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Complete Trail Horse: Selecting, Training, and Enjoying Your Horse in the Backcountry Paperback – October 1, 2004
The Amazon Book Review
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From the Back Cover
To make sure that you and your horse are on the right foot, Dan Aadland, a seasoned horseman and packtripper, shares his expertise and experiences in The Complete Trail Horse. Beginning with advice on selecting a good trail mount (and why Tennessee Walking Horses and other laterally-gaited horses are especially suited for such work), the author delves into equipment, techniques, and strategies for training both the saddle horse and the pack horse to cover demanding and often dangerously steep inclines and descents, narrow ledges, and other features of backcountry terrain in a safe and efficient manner.
The book then moves on to tack and other items specifically designed for trail riding, more advanced training techniques (including contending with spooky, laggard, and overenthusiastic horses), and taking part in trail competitions. Concluding sections contain valuable information and insights into how to organize and then pack gear for the greatest comfort for yourself, the horse you’ll ride, and the packhorse you’ll lead.
Written with authority and enthusiasm, The Complete Trail Horse is the first—and the last—word on ensuring that you and your horses will be prepared for and can therefore enjoy to the fullest your trips through the backcountry and back home.
Dan Aadland, the author of Treading Lightly with Pack Animals: A Guide to Low-Impact Travel in the Backcountry, is a frequent contributor to Western Horseman and other equestrian publications. He and his wife, Emily, live in Absarokee, Montana, where they breed Tennessee Walking Horses and organize packtrips.
Top Customer Reviews
The book presents trail riding and backcountry horsemanship as its own discipline and stresses the importance of having a mount that allows both the rider and the horse to have an enjoyable experience on the trail. Perhaps the point that struck me the most is stressing that a good trail horse is not a barrel, reining, or dressage washout---but an athlete in it's own arena of mountains, streams, deserts, and woodlands.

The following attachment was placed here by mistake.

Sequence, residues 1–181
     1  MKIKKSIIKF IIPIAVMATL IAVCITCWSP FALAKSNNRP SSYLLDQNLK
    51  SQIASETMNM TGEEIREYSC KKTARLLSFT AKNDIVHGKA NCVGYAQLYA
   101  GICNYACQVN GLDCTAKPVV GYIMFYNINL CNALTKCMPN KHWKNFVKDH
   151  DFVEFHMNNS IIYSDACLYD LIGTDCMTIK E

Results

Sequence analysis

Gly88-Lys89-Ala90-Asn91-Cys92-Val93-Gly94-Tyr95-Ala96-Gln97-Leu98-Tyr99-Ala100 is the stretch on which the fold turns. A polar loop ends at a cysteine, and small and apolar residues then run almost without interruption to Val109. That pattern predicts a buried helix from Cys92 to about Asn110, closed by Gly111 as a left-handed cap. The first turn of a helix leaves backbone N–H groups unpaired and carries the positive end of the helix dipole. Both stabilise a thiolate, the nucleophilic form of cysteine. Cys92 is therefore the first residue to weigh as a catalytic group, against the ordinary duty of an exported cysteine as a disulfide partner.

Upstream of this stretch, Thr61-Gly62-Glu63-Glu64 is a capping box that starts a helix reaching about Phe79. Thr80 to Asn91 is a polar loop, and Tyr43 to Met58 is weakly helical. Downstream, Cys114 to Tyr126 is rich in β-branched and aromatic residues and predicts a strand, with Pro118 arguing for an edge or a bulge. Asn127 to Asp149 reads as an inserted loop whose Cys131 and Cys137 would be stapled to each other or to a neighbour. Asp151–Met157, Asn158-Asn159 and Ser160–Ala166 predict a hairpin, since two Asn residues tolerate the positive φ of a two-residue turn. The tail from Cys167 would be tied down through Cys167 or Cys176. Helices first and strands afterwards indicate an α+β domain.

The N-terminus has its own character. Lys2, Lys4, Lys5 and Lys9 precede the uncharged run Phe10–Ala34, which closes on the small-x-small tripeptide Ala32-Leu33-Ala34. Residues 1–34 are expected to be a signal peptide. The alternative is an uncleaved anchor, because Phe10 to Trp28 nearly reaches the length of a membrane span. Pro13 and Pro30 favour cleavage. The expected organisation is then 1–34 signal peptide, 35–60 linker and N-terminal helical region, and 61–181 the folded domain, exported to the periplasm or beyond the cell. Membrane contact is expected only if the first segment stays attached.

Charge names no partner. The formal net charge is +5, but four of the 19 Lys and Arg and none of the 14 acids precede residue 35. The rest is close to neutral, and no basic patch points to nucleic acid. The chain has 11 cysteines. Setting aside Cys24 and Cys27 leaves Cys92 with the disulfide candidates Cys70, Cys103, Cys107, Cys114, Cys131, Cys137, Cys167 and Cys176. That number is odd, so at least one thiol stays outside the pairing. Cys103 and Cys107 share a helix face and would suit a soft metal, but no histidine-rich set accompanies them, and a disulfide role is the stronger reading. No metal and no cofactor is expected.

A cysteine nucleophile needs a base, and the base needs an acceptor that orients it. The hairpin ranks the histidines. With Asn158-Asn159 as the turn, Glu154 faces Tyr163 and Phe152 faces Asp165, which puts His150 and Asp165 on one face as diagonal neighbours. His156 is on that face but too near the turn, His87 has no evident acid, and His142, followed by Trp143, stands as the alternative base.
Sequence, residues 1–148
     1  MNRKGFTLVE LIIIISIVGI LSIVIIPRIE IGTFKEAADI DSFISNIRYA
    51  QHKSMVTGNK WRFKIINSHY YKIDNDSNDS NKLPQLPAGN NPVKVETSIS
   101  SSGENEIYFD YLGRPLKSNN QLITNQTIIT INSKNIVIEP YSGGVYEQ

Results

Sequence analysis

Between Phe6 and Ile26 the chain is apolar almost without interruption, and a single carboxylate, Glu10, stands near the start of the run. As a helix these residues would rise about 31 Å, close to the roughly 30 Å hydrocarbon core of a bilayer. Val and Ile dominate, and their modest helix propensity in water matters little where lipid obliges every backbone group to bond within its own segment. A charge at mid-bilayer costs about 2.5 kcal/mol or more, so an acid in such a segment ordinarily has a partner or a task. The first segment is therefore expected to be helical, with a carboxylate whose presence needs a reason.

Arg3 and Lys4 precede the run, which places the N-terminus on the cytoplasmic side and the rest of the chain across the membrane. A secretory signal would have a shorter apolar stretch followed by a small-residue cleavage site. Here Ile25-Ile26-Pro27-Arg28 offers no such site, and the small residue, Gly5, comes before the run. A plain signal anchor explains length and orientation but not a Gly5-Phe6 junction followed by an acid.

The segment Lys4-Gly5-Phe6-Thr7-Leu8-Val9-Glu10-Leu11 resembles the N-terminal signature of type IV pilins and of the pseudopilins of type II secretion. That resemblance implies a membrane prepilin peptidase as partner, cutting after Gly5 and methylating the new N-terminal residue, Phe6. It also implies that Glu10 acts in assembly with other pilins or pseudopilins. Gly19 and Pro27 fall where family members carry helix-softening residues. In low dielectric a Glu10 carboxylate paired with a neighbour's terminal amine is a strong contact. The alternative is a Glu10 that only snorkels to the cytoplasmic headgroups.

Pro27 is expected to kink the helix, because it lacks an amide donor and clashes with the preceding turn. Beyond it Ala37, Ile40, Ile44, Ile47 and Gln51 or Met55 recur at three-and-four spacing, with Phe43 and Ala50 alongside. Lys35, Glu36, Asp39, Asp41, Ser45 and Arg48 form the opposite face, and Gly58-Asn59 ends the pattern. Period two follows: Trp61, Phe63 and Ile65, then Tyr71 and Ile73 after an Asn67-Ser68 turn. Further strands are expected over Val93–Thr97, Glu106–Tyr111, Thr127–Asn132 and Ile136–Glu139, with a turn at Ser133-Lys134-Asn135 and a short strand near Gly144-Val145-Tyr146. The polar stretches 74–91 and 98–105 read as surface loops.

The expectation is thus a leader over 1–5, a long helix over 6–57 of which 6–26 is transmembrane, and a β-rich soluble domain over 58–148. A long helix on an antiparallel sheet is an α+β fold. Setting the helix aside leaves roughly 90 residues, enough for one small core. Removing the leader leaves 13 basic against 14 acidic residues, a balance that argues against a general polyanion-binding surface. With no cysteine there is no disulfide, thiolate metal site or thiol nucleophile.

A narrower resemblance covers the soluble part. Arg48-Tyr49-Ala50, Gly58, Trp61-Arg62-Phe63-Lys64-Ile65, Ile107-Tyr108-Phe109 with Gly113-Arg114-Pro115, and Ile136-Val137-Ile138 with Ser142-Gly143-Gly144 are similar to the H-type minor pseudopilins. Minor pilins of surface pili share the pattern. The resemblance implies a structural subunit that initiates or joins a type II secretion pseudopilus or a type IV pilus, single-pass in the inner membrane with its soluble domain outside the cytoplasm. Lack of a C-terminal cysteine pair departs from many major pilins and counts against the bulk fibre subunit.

I have been fortunate enough to meet Dan and I actually have purchased two of his Tennessee Walkers as my current trail mounts. They take me everywhere, from arid sagebrush to mountain passes and all points in between. Their ability as athletic, willing, and stable backcountry companions is evidence that Dr. Aadland has the knowledge of what it takes to breed and train a horse designed for the trail, no matter where it should take you.
The Complete Trail Horse presents the reader with this wealth of information in an enjoyable, readable format.
Author Dan Aadland lives on a 1200 acre Montana ranch, where he breeds, raises, trains and sells Tennessee Walkers for trail riding. He uses the horses daily for tending cattle and checking irrigation, and takes annual pack trips into the wilderness. His explanation of why it is important for your trail horse to know how to sidepass gave me chills, and his anecdote on why organized trail rides say "Don't even think about bringing your dog" was quite convincing.
The bulk of the material falls roughly into three categories: 1) choosing a horse, 2) training, and 3) techniques and equipment. On the first subject, he provides useful information for evaluating any horse. The author gave me new appreciation for my gelding's high withers, 8 1/4" circumference cannon bones, and enormous size 3 feet. Aadland makes an important distinction between spirited horses with a lot of desirable energy and hyper horses that can't be trained to stand still. He also points out that courage is a trait that may be present or lacking in a horse of any energy level, and a spirited horse that faces surprises with courage is safer than a lazy quiet horse that blows up without warning.
As a fan of clinicians like Pat Parelli and Clinton Anderson, I found the book's material on training particularly interesting. The author has a refreshing mixture of respect and disdain for these celebrity trainers and their methods.Read more ›
Author of The Spirit of Horsemanship
Sid Gustafson DVM
Nothing regarding horses is complete, however ;-)
Most Recent Customer Reviews
Informative. Practical. Useful. Refreshing. With all the pseudo-intellectual horse-nonsense trotting around the book barn these days, Aadland's work is a refreshing change. Read morePublished on May 26, 2013 by MattG
Extremely well written book on the practical training and use of horses. Of course he says a lot of things that I have believed for a lot of years.Published on September 8, 2009 by Robert S. Mathias